The Amethyst Deceiver – and a similar phone app

Meet this wonderfully colourful and easy to identify fungus – just one of the treats we discovered on a wander yesterday through Stockhill Plantation on the Mendip Hills. The books disagree as to whether it’s edible or safe. Roger Phillips says yes and others say no – or at least to foraging them. Luckily we had the heavyweight Collins Guide with us and unlike some of our finds, Google Lens, on my phone, got it right the first time. Now I know that phone apps are a wonderful thing, but only when used with a considerable amount of caution. One or two fungi were bang on the money, but all too often the ID offered by the phone was too dodgy to trust.

I prefer to photograph the fungi carefully, including shots of the full length of the stipe (stalk) from soil to cap, some idea of the size, the gills from below and from the side and similarly the cap. Then I can take the pictures home and with a bit of luck get a sound ID. Any mycologist will object that often a proper ID relies on looking at the spores through a high powered microscope and even measuring them – in microns! – none of which I can do, so nature wins that round. So my photos aren’t taken with aesthetics as the principal aim. They’re a form of electronic notebook. The real work begins at home and it’s such good fun, like reading a fungal Agatha Christie – you know the answer’s in there somewhere!

Where phone apps like Google Lens – there are others that may well be much more reliable – so where they go wrong is in the part of our brains that really wants to trust them. There were two or three identifications yesterday that could have been dangerously misleading. I really wanted to believe that these were respectively Penny Buns – Boletus edulis and Saffron Milkcap – Lactarius deliciosus, and if I’d been a forager relying on the phone I would have given us both a nasty surprise. Another identification included a seriously hallucinatory mushroom – not the Fly Agaric or the Magic Mushroom (we were in woodland) but another deceptively innocuous one which was first cousin to the good to eat one. As I see it, the best use for the phone app is to try to discover the family and the to turn to books.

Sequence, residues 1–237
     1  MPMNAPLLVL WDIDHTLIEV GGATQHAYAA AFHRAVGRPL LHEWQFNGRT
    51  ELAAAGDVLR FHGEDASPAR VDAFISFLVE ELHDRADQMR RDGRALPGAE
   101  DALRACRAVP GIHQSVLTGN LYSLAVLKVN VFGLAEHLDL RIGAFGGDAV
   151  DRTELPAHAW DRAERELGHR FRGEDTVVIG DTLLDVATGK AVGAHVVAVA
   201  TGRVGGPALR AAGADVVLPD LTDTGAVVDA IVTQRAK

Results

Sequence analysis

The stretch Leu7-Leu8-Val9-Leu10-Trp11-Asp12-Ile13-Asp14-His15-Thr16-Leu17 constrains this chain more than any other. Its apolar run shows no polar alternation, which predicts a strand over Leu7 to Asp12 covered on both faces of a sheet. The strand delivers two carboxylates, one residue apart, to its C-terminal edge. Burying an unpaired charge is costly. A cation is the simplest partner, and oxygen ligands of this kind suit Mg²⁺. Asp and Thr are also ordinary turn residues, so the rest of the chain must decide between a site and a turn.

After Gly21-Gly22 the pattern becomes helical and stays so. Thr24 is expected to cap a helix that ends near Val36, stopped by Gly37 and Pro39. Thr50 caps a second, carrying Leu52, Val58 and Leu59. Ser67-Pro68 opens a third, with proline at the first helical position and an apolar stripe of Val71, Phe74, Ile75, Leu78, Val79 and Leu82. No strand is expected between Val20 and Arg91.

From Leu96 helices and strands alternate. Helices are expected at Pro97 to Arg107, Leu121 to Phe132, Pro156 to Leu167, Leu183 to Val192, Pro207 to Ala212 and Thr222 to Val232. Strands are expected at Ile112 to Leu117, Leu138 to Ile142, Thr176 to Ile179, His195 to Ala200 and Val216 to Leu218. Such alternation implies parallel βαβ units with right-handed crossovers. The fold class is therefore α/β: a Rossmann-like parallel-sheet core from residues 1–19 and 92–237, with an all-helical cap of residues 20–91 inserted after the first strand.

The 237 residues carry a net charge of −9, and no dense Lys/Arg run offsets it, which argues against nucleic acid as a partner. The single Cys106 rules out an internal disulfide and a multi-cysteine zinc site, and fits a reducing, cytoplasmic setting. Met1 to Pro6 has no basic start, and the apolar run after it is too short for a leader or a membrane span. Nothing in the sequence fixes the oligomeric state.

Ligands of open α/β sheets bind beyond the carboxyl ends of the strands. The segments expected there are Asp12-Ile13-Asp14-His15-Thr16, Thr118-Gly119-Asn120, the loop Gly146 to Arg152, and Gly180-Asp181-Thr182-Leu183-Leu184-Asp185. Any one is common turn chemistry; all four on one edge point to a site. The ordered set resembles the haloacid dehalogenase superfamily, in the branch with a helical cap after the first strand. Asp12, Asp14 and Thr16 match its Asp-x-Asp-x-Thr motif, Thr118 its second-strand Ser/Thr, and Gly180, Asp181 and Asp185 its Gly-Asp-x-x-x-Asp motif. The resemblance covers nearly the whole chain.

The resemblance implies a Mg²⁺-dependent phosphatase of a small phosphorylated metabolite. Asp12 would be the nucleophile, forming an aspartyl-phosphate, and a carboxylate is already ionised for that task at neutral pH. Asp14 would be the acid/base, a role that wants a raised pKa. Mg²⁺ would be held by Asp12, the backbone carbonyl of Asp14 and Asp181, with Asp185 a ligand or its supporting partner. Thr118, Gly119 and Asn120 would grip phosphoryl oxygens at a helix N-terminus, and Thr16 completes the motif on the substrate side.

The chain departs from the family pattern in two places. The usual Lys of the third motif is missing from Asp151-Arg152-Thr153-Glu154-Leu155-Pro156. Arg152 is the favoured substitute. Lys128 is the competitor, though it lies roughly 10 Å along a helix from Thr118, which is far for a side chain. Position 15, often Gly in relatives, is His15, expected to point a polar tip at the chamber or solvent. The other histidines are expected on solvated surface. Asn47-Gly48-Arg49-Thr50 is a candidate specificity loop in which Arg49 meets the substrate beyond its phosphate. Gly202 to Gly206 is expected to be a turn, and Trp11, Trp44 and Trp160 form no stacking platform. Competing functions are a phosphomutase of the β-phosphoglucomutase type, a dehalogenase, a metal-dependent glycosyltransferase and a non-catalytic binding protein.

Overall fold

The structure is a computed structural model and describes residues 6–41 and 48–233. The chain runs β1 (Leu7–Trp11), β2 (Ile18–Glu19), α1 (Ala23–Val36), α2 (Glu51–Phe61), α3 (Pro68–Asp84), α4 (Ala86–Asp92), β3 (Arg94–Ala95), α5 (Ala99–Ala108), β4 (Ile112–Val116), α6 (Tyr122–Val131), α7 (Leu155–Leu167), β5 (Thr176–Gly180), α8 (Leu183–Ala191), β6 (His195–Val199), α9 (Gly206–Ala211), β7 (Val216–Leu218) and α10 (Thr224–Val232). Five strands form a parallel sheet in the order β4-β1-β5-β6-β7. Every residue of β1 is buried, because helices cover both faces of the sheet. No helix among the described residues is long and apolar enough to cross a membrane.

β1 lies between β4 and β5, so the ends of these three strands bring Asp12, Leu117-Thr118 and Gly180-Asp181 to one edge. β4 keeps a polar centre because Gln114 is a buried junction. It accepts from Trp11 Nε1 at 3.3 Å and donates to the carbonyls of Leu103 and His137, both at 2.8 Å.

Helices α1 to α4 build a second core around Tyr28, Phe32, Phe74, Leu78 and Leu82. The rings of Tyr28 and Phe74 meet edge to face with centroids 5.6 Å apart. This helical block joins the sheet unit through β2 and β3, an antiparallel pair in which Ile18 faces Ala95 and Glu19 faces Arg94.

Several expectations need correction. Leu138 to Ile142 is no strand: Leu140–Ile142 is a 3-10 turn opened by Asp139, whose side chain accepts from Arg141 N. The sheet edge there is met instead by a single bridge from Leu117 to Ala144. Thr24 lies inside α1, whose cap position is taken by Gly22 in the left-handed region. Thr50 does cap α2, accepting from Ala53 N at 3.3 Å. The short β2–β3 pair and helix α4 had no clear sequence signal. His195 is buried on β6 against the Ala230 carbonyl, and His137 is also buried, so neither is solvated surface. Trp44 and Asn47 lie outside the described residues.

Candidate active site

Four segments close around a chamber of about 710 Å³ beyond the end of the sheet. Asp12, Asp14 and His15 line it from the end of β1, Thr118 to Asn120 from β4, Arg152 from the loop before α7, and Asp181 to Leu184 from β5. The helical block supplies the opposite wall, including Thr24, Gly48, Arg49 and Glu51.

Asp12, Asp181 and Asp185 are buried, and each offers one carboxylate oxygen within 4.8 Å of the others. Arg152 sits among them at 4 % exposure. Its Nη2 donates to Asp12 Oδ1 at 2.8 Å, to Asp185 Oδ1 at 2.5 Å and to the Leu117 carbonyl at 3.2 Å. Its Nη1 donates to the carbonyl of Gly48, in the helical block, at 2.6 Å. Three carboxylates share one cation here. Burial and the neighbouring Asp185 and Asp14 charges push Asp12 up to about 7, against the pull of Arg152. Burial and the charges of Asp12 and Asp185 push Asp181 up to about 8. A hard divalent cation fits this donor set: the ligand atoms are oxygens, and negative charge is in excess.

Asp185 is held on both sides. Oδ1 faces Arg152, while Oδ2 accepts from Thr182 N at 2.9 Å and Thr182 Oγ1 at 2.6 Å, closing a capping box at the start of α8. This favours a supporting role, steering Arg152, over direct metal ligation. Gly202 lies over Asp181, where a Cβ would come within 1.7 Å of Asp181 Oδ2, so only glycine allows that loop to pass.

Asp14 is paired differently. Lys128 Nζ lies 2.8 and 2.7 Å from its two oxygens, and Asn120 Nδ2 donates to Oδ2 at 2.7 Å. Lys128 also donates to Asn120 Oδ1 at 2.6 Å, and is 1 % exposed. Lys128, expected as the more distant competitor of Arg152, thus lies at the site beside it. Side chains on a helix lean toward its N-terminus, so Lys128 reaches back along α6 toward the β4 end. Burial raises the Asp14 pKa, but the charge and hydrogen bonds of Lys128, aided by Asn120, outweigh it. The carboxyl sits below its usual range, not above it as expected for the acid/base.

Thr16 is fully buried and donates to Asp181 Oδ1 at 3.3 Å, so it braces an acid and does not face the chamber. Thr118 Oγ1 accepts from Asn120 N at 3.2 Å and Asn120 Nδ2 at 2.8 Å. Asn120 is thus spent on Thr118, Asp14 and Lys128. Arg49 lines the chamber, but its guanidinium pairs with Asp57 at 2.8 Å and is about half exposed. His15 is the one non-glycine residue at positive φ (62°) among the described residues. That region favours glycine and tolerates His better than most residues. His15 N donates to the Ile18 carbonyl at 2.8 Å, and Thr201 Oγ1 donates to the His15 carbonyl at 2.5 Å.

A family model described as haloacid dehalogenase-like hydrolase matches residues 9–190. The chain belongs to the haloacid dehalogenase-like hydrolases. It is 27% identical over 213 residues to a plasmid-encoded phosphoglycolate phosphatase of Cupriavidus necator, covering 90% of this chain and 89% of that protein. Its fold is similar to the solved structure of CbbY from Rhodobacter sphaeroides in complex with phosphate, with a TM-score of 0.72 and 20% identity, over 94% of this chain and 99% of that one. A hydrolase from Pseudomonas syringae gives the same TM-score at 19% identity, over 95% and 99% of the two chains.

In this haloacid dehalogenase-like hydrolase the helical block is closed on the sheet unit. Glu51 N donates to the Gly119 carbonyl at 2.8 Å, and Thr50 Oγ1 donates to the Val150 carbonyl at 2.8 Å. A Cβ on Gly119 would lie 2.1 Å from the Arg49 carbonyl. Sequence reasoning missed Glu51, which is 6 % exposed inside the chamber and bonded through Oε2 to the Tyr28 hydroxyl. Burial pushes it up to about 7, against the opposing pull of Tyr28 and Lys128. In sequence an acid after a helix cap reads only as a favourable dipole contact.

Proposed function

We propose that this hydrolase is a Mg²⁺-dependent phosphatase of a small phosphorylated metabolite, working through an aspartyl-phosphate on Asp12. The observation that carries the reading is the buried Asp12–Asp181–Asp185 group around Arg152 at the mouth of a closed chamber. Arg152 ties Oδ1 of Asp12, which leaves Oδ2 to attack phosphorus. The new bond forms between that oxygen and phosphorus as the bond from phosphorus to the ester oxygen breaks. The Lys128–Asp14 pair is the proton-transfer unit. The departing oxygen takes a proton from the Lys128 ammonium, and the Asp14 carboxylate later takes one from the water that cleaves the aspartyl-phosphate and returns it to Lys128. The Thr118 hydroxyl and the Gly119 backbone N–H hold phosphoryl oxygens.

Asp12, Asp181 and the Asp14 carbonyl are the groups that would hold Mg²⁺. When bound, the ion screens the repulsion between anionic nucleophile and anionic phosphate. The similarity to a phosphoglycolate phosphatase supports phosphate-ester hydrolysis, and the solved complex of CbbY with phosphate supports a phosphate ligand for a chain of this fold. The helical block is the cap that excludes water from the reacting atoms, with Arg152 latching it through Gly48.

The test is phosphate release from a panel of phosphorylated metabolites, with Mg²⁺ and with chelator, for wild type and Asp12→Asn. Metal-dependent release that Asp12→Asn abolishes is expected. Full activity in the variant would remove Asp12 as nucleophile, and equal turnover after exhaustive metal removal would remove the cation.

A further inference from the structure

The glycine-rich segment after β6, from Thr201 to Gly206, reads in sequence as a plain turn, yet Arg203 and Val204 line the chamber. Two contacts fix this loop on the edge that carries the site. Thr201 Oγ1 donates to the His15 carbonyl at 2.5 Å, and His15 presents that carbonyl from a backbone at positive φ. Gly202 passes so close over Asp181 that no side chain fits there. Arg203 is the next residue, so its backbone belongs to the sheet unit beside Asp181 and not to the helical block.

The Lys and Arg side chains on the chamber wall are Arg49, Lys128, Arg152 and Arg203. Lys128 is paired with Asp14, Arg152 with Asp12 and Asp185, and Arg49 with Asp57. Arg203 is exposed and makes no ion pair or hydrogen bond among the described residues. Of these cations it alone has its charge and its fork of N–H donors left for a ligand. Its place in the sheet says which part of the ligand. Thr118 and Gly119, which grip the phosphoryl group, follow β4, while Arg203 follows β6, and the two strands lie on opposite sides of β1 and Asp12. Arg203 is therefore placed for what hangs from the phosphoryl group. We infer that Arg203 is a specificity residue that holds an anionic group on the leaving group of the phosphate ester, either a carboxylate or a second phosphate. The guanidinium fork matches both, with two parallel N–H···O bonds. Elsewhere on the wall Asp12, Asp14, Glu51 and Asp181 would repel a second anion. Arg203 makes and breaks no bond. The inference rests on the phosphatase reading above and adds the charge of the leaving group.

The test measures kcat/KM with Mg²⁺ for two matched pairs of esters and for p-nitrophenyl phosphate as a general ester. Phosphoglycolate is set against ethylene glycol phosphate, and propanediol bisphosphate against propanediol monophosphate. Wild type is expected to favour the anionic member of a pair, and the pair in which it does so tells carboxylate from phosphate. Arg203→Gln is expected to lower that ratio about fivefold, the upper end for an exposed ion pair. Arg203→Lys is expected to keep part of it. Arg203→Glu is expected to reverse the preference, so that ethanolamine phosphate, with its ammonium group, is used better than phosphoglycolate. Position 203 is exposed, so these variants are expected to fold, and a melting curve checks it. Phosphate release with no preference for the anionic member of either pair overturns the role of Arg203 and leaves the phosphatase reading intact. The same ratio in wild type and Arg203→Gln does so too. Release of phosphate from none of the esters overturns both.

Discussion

So it’s peak fungus right now, and as foraging becomes ever more popular, my plea is that we should all be careful and even with a certain and verified identification we should never over-pick at the expense of the fungus’ capacity to reproduce itself. For me, they extend the season for walking and exploring into autumn and that’s wonderful. But there’s always space for wonder at their capacity to conceal themselves in leaf litter or on grass, even though they often display luminous and occasionally garish colours. Picking them just deprives another walker from experiencing that burst of joy. My other suggestion is to join a group – not just a foraging group. There are thousands of fungi out there and some of them will blow your mind – literally if you’re not careful! You’ll learn so much from fungus forays; and notice I wrote foray and not forage.

Here are some yet to be properly identified heroes and villains amongst the racing certainties.

And here’s a shot of where we were, and as you’ll see immediately if you know and love the Mendip Hills as we do, this is yet another post-industrial site; another lead mining area that extends across the road into the Mineries which hasn’t been covered with trees and has its own flora and fauna. It’s hard to believe that over the centuries this whole site was dug over, tunnelled into and polluted with heavy metals. Now, apart from the road through the middle, it’s quiet with just the sound of the wind in the trees and a few dog walkers and nature lovers.

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